•  How about this. (1+ / 0-)
      Recommended by:
      haukurth

      As U.S. casualties have continued to drop, many people on the anti-Bush side of the aisle have begun to quietly panic in recent days over this question: "Could George W. Bush and Frederick Kagan have possibly been right about the surge?"

      U.S. casualties have continued to drop and many people on the anti-Bush side of the aisle, although thrilled with the news that fewer of our soldiers are being killed, have begun to quietly panic in recent days over this question: "Could George W. Bush and Frederick Kagan have possibly been right about the surge, and could this give the administration a perceived permission to continue with their disasterous foreign policy?"

  •  It Stays The Norm (4+ / 0-)

    Older and Younger Veterans recognize the twist and turns of a Combat Theater, always more clearly than any civilian leadership and even most military leadership, and certainly Societies!

    To you Brandon, and All of your Comrades In Arms, that this country has once again added to our ranks, Combat Theater Veterans, there is one thing you'll get used to, though Frustrating, You Will Not Be Heard By The Majority, Ignored and Pushed Aside, and if Decorated you will be 'Swiftboated'!

    But you will still continue to Fight for Country and Constitution, it's now ingrained in the soul!!

    If they were sent to fight, they are too few. If they were sent to die, they are too many!

    by jimstaro on Mon Nov 05, 2007 at 01:55:13 AM PST

  •  Why did al-Sadr order the Mahdi Army to stop? (1+ / 0-)
    Recommended by:
    Mz Kleen

    Great diary, btw.

    Hobby: project. Interests: Politics and the English Language.

    by Patel1946 on Mon Nov 05, 2007 at 02:51:13 AM PST

  •  I know it is clear to everyone but me, but I (3+ / 0-)
    Recommended by:
    Mz Kleen, ratador, Patel1946

    don't understand.  Why did Muqtada al-Sadr quit fighting?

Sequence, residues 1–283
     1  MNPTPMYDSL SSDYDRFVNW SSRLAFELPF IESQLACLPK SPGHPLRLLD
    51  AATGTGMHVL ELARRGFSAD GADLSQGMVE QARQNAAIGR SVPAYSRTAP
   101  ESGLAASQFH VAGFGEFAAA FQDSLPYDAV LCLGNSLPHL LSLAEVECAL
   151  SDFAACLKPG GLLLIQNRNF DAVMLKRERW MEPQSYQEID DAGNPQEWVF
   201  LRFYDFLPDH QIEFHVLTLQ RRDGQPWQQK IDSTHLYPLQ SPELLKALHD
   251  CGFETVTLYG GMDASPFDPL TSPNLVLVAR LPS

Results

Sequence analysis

Thank you.

    If you don't have an earth-shaking idea, get one, you'll love building a better world.

    by hestal on Mon Nov 05, 2007 at 02:53:36 AM PST

    •  I have the same question. (5+ / 0-)

      Iraq's Al-Sadr says freeze of militia's military activity remains in force

      The Associated Press
      Wednesday, October 24, 2007

      BAGHDAD: Anti-American Shiite leader Muqtada al-Sadr has urged members of his Mahdi Army to respect his order for a six-month freeze of military activity, threatening offenders in the feared militia with expulsion.

      A statement by al-Sadr's office in the holy city of Najaf south of Baghdad said the cleric's call on the militiamen to respect the freeze, announced in August, was issued in response to questions from followers about whether the order to stand down still applied.

      It was not clear why al-Sadr's office issued the statement now, but U.S. forces appear to have escalated of their campaign against what the military calls rogue, Iranian-backed Mahdi Army militiamen.

      Clashes between suspected Mahdi Army militiamen and rival Shiite groups are on the rise in parts of the mainly Shiite south of Iraq.

      Al-Sadr said the freeze remained in force and may be renewed if such a move was found to be beneficial. "Enemy parties are spreading this news (that the freeze ended) to tarnish the image of this heroic ideological army that has shown loyalty to its leadership by implementing the freeze." He, however, said some did observe the freeze.

      "So, we appeal to everyone to obey the order in every respect or risk being expelled from this ... army in which there is no place for renegades."

      Al-Sadr's Mahdi Army fought U.S. troops for much of 2004 across a string of towns and cities in central and southern Iraq. After a cease-fire, al-Sadr joined the political process and his loyalists now have 30 of parliament's 275 seats.

      His control over the Mahdi Army has been questioned in recent months and the U.S. military speaks of splinter groups that have forged close ties with neighboring Iran, operating as rogue cells and attacking U.S. forces. Others, the military says, are running black market rackets and kidnapping and extortion gangs.